Tags » Screwball Comedy

Bringing Up Baby

Bringing Up Baby, 1938, RKO Radio Pictures. Starring Katharine Hepburn, Cary Grant. Directed by Howard Hawks. B&W, 102 minutes.

Respectable, steadfast scientist Dr. David Huxley (Cary Grant) is engrossed in his latest project, completing the skeletal frame of a brontosaurus. 616 more words

Classic Films

Shades of Hepburn and Lombard

So who was the queen of screwball comedy, Carole Lombard or Katharine Hepburn? In my limited experience, it could be either. Nobody could question Lombard’s credentials in such films as… 237 more words

Michelle Pfeiffer

Defending The Hudsucker Proxy

Joel and Ethan Coen make two types of films. Both types are comedies.

The first type sometimes gets mistaken for a drama. They’re the dark comedies that usually operate within a specific genre. 2,097 more words


Meg gets an Eiffel, as Clooney French Kisses Pfeiffer

Who doesn’t love a good kiss, a witnessed meeting of two mouths on the big screen? Movie kisses are the embodiment of all the beautiful feelings you experience when being kissed. 412 more words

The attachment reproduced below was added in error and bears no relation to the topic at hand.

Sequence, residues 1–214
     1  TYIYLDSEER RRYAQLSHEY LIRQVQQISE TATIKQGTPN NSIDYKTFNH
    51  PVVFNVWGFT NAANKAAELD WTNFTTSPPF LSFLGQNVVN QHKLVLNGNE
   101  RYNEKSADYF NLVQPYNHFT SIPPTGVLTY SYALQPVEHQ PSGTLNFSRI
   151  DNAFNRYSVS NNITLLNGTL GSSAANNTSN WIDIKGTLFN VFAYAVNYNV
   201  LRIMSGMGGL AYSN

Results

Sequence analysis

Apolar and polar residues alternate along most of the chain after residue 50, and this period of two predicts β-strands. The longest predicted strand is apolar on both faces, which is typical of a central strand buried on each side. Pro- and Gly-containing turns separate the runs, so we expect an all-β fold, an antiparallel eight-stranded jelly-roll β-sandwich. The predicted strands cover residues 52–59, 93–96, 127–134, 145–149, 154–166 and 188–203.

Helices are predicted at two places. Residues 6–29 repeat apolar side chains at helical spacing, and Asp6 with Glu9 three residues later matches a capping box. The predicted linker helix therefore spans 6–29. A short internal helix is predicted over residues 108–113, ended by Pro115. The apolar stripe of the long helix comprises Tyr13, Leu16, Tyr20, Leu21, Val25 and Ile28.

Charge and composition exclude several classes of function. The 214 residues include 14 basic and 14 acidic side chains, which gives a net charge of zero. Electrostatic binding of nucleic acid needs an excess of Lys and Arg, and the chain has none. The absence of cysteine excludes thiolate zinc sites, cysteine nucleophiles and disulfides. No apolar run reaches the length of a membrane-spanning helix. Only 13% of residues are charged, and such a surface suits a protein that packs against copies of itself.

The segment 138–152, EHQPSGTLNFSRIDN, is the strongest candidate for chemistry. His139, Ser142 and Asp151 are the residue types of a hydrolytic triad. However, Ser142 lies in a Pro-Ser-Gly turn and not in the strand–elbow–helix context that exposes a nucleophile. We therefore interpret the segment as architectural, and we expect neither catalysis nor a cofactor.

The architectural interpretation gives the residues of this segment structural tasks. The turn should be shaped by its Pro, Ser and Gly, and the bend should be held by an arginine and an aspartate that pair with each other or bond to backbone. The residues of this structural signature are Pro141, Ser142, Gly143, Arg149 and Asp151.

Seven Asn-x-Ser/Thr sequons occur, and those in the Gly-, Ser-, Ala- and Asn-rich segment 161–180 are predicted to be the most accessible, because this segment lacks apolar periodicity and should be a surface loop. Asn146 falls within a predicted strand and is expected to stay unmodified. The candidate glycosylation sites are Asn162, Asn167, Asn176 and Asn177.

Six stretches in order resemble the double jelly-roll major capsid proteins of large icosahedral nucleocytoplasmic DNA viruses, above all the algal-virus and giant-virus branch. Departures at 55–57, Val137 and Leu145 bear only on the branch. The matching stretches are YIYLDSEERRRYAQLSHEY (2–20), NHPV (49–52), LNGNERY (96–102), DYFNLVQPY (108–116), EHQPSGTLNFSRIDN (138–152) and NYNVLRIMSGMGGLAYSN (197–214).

Meg Ryan

Some Like it Frantic, Funny and Screwball

Whether romantic or screwball, in comedy, love invariably conquers all on the silver screen. According to author Wes D. Gehring, there is a distinct difference between screwball and romantic comedy. 409 more words

Meg Ryan

Twentieth Century (1934) ★★★★

If there weren’t already enough reasons to acclaim and adore Howard, then add (arguably) inventing the screwball comedy to that list. Adapted by Ben Hecht and Charles MacArthur from their own play, ‘Twentieth Century’ was – along with the more comedically and awards-ingly successful ‘It Happened One Night’ (Frank Capra, 1934) – two of the earliest pitches at the screwball genre. 418 more words


Marie's Reading: "On Turpentine Lane" by Elinor Lipman

The perfect novel to snap you out of any hold-over winter blues.  On Turpentine Lane by Elinor Lipman is  funny, snappy, and charming, and has enough pep to keep it from being cutesy or dull. 158 more words

Book Reviews